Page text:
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25 May, 2013

MANIPURA CHAKRA



MANIPURA


Introduction


       The Sanskrit wold mani means 'gem' or 'jewel'; the word pur means 'city'.  Therefore the word "manipura" means the "city of jewels'.  It is so called because of the intensity of the pranic energy of this centre.  The physical location point for manipura chakra is in the middle of the spine directly behind the  navel.  Manipura kshetram is exactly at the navel.

       Manipura chakra is the centre of prana within the human framework.  It is often called the 'sun chakra' as it radiates and distributes pranic energy of life throughout the entire body.  It is also compared to a blazing fire as it burns up and assimilates the energy in food.

       Contrary to the tantric-yogic concept, Buddhists regard manipura as the seat of kundalini.  In reality, kundalini can be regarded as residing in all the chakras.  Tantra and yoga regard spiritual life, or expansion of awareness, as commencing at the level of mooladhara.  On the other hand, Buddhists ascertain that man's consciousness begins to expand from manipura chakra.  They consider the two lower chakras to belong to the higher ranges of animal life, whereas manipura chakra marks the beginning of the evolution of the higher man.  Once consciousness is established in manipura it is confirmed awakening; there is no danger of downfall.  At the level of mooladhara or swadhisthana, consciousness is liable to recede.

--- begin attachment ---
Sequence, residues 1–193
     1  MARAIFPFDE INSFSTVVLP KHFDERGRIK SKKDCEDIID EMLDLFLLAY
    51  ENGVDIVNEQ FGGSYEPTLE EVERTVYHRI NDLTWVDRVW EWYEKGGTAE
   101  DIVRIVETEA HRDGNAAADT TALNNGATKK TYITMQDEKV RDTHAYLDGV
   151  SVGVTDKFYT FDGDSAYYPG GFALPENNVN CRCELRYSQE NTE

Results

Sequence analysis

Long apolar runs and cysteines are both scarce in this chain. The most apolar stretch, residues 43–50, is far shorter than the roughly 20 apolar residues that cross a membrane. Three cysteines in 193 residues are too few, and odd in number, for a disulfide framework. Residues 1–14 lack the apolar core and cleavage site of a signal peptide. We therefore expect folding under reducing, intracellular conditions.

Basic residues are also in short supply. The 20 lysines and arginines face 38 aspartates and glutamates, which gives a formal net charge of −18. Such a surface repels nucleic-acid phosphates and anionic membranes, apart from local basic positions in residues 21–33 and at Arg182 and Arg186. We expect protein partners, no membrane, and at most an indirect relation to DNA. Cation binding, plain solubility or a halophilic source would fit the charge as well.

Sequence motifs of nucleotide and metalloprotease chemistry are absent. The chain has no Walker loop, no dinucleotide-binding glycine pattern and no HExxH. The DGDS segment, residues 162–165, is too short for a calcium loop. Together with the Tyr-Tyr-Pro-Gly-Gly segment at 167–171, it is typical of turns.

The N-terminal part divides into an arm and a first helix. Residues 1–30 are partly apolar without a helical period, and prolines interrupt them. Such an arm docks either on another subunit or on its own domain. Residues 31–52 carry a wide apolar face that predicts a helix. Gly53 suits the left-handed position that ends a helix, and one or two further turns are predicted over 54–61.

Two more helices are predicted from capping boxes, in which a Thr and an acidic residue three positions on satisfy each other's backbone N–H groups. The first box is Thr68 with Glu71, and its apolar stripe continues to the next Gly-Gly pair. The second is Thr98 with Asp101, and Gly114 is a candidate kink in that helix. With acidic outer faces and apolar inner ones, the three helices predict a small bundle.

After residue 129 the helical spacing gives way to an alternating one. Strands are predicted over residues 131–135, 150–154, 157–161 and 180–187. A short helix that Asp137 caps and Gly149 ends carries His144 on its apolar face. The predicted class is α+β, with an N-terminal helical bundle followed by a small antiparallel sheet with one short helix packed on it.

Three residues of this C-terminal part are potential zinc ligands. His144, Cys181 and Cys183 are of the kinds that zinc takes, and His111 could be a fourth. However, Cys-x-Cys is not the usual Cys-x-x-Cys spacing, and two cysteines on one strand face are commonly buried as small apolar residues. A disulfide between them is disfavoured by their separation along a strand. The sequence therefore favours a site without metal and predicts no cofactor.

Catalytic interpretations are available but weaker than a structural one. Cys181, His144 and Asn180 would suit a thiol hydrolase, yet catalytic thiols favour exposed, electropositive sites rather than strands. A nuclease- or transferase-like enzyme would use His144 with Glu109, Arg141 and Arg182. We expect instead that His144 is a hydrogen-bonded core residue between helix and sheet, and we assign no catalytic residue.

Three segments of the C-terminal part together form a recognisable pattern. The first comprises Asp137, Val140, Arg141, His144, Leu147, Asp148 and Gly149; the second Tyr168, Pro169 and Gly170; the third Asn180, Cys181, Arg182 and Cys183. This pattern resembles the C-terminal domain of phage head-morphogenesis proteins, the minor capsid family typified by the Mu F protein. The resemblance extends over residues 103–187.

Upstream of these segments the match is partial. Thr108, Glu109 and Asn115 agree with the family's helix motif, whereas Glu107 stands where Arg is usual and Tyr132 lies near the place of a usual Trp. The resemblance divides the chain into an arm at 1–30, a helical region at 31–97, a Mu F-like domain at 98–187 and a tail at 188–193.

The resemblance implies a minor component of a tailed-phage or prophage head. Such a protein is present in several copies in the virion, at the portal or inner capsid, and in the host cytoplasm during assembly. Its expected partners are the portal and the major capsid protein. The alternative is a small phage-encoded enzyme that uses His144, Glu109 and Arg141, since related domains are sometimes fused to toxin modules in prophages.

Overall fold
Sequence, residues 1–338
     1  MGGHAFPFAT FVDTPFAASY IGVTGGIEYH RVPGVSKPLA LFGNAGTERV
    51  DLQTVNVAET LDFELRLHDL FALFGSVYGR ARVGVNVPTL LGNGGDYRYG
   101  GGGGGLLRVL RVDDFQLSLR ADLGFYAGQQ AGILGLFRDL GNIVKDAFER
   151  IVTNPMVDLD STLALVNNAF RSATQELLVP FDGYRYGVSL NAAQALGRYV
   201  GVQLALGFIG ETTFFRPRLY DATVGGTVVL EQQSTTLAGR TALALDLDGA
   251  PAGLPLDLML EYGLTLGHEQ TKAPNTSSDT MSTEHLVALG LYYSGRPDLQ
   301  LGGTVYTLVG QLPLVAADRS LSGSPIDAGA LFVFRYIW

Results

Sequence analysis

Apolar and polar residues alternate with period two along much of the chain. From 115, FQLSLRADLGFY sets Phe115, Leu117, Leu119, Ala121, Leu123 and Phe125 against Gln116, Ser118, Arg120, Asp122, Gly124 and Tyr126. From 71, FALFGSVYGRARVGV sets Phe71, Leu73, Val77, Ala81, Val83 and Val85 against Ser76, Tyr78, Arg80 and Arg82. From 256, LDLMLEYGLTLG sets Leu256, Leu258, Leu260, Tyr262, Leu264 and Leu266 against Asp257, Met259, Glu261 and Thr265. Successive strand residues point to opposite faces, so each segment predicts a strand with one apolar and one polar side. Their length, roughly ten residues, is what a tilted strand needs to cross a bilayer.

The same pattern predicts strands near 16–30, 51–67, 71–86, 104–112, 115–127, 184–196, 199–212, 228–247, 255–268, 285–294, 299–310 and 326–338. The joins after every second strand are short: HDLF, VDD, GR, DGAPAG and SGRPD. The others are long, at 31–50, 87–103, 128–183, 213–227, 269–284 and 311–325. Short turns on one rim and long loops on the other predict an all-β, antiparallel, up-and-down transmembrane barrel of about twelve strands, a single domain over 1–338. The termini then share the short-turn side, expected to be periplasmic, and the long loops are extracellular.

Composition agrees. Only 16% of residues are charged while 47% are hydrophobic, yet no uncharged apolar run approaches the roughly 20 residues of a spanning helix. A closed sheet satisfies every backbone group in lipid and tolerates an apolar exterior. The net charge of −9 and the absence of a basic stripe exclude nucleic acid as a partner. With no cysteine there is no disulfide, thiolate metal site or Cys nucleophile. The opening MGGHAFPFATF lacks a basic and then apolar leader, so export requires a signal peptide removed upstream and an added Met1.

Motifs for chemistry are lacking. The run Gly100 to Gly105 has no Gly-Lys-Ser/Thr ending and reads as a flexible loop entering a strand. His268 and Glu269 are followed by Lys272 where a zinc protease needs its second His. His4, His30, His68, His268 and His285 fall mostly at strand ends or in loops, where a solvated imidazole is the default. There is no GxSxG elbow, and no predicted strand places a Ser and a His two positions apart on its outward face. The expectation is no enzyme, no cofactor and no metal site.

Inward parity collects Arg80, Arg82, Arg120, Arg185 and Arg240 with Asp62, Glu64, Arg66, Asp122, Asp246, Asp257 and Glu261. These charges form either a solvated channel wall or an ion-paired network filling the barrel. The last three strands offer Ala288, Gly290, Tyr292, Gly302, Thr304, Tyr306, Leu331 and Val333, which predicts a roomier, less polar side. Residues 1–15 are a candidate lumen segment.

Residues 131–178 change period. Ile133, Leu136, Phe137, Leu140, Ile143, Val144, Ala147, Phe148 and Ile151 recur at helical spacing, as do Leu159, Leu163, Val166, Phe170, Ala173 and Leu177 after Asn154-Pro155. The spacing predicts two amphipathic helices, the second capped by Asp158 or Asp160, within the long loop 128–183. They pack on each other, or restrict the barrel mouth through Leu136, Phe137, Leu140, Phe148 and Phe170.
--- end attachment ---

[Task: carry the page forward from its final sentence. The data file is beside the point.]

Manipura is the centre of self-assertion.  One becomes  dynamic and energetic and tends to dominate situations and other people.  There are many who function at this level.  They see all things and all people as a means of providing personal power and satisfying their worldly ambitions.  This is expressed in the predominant motive of gaining wealth and a great deal of respect.  It is at this level that people seriously begin to question their attitude towards life and their place in the scheme of existence.

Symbolism


       Manipura is symbolic of fire (agnic) principle [tattwa] and is closely related to the sense of light and movement of the feet.  

       Manipura is represented as a bridge yellow lotus with ten petals.  

Yantra


       The yantra is a red triangle and inside the triangle is a blazing sun.  

Mantra

       Ram is the bija mantra.  The animal serves as the vehicle of manipura is a ram, symbol of assertiveness and energy.

       According to hatha yoga, the practice of trataka will awaken manipura chakra because of its connection with the eyes.  One should remember that any practices concerned with developing awareness of manipura chakra will greatly benefit digestion.




Uddiyana Bandha (abdominal contraction)


Sit in siddha/siddha yoni asana or padmasana with the spine erect and the knees in contact with the floor.